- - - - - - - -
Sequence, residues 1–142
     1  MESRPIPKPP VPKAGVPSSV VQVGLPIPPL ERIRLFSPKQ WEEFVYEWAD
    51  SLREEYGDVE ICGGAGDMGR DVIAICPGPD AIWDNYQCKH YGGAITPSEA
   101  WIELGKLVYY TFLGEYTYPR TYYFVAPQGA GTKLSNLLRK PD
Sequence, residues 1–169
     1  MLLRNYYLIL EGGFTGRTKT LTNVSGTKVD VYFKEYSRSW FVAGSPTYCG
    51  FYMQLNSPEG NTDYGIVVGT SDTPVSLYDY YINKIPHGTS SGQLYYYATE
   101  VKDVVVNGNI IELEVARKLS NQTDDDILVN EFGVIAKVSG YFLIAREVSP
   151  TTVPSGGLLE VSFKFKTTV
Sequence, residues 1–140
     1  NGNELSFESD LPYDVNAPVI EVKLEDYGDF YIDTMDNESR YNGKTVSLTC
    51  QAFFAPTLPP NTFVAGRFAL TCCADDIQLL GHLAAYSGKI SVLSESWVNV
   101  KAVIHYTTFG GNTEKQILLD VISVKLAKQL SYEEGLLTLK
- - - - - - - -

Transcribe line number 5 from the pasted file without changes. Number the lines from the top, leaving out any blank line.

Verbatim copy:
Sequence, residues 1–169